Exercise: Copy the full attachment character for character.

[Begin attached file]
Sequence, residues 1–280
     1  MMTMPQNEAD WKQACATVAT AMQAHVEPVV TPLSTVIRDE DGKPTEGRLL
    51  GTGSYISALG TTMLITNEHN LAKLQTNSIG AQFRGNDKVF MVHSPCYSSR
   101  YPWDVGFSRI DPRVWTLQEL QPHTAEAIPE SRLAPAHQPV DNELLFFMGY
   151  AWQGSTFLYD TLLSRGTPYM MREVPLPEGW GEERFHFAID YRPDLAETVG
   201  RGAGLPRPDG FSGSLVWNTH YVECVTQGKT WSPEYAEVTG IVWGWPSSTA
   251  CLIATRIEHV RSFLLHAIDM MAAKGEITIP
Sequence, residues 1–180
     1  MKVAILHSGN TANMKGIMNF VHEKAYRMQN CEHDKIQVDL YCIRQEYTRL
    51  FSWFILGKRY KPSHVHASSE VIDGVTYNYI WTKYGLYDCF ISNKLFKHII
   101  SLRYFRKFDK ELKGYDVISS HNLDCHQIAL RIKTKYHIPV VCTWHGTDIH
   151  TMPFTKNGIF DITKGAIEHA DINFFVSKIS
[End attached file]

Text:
Sequence, residues 1–280
     1  MMTMPQNEAD WKQACATVAT AMQAHVEPVV TPLSTVIRDE DGKPTEGRLL
    51  GTGSYISALG TTMLITNEHN LAKLQTNSIG AQFRGNDKVF MVHSPCYSSR
   101  YPWDVGFSRI DPRVWTLQEL QPHTAEAIPE SRLAPAHQPV DNELLFFMGY
   151  AWQGSTFLYD TLLSRGTPYM MREVPLPEGW GEERFHFAID YRPDLAETVG
   201  RGAGLPRPDG FSGSLVWNTH YVECVTQGKT WSPEYAEVTG IVWGWPSSTA
   251  CLIATRIEHV RSFLLHAIDM MAAKGEITIP
Sequence, residues 1–180
     1  MKVAILHSGN TANMKGIMNF VHEKAYRMQN CEHDKIQVDL YCIRQEYTRL
    51  FSWFILGKRY KPSHVHASSE VIDGVTYNYI WTKYGLYDCF ISNKLFKHII
   101  SLRYFRKFDK ELKGYDVISS HNLDCHQIAL RIKTKYHIPV VCTWHGTDIH
   151  TMPFTKNGIF DITKGAIEHA DINFFVSKIS